New commercial in the Netherlands encourages foreigners to learn Dutch in order to communicate - Het begint met taal (the beginning with language)

Saturday, February 21, 2009

Here's a new commercial to air in the Netherlands with four foreigners failing to communicate in their own tongues, followed by an exhortation to learn Dutch in order to communicate in the country:

The article here where I found the commercial has a few reactions to the commercial. I think the commercial is fine myself and the Netherlands should be working hard like this to make Dutch the most important means of communication for those living in the country, but this approach would be a good one as well:

Abir Saras: "I remember how my first year here someone in a shop tried to tell me something and I started crying for not understanding, something I found hugely embarrassing. The spot should emphasise these sort of feelings instead of showing how the Dutch view foreigners."
That approach usually has a somewhat more effective impact. Perhaps an interview with someone successful that started out knowing not a word of Dutch on his or her first year(s) in the country and how much things improved after becoming fluent in the language, especially the difference between just getting by with English alone compared to being able to speak Dutch (this is crucial). Nevertheless, the commercial above is still an okay approach.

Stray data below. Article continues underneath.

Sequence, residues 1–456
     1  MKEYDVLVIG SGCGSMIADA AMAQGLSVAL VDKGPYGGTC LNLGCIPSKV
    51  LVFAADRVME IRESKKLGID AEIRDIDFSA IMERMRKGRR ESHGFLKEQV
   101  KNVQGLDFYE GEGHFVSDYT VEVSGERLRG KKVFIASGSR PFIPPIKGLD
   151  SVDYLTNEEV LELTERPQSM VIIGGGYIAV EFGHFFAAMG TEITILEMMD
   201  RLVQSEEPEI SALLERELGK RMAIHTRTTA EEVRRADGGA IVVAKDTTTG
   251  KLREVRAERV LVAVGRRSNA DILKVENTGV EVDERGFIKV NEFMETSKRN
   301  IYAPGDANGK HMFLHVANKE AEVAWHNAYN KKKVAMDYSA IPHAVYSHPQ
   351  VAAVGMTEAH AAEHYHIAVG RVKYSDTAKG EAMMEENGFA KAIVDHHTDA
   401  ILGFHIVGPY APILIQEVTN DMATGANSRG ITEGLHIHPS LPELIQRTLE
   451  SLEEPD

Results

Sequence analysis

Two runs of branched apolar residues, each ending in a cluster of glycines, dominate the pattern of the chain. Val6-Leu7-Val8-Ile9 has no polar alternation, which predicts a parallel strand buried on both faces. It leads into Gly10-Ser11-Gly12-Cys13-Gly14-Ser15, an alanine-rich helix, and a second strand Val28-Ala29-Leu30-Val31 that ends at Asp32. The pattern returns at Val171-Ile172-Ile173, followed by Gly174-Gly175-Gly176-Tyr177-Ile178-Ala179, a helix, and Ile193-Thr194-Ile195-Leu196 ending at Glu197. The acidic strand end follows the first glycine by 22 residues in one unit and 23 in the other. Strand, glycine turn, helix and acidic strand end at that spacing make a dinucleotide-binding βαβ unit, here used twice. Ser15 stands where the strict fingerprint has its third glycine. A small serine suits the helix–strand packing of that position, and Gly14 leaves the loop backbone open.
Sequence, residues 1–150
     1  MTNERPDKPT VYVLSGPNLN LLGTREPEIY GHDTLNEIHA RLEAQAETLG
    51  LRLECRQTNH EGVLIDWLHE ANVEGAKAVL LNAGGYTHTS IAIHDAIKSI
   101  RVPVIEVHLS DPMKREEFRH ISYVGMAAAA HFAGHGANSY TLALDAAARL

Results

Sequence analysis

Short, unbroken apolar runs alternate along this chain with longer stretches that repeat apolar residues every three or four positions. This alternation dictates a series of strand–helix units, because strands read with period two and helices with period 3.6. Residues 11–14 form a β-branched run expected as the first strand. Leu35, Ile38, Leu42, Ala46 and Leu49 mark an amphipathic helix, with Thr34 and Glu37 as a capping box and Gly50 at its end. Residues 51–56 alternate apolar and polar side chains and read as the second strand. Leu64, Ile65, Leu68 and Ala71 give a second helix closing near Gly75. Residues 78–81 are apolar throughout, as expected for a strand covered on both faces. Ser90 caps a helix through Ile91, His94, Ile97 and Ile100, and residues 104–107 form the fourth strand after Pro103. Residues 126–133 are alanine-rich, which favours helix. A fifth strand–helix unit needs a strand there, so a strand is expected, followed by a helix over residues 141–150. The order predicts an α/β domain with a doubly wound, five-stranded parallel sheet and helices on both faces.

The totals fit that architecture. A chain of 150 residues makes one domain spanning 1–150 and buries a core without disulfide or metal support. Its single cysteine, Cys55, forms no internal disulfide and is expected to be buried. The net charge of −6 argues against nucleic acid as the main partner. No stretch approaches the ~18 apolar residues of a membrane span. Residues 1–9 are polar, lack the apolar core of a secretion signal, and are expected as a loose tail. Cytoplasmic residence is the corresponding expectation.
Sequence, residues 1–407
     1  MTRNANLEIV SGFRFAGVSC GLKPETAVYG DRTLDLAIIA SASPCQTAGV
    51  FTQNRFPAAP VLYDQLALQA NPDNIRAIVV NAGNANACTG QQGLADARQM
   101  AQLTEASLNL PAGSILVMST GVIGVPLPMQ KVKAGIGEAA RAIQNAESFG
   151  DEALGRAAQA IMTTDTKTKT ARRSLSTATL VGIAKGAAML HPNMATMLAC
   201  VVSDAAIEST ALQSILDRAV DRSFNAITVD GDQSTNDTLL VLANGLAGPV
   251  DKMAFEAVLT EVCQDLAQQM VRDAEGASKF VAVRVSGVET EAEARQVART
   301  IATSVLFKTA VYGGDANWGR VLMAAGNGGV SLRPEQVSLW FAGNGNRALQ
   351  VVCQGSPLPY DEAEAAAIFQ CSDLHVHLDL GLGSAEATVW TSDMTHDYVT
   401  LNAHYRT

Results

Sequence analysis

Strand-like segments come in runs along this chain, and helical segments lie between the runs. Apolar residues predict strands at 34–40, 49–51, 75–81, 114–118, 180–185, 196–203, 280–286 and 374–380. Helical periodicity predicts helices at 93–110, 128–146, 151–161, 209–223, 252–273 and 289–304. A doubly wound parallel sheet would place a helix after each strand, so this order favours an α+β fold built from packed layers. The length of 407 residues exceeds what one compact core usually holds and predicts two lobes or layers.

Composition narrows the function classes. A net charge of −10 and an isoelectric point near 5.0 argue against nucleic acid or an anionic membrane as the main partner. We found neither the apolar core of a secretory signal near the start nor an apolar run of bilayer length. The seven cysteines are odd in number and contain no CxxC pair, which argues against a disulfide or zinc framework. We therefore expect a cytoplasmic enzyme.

The website it directs people to is a bit of a problem though, as it doesn't take into account the fact that sites need to appeal to the laziest of lazy people. Here's the site.

You'll notice that (at least not yet) at the moment there's no link to a Dutch course on the site, just a few pages of information on why speaking Dutch is important. What it needs is a course like Deutsch - Warum Nicht? for German, where within a minute of accessing the site you're kicking back with a course on PDF, extremely detailed and with a spoken mp3 for each lesson, in some twenty or so languages. If you're from Iran, no problem. It's in Persian. And Bulgarian. And Swahili, and a ton of others. That's what I'd like to see for Dutch.


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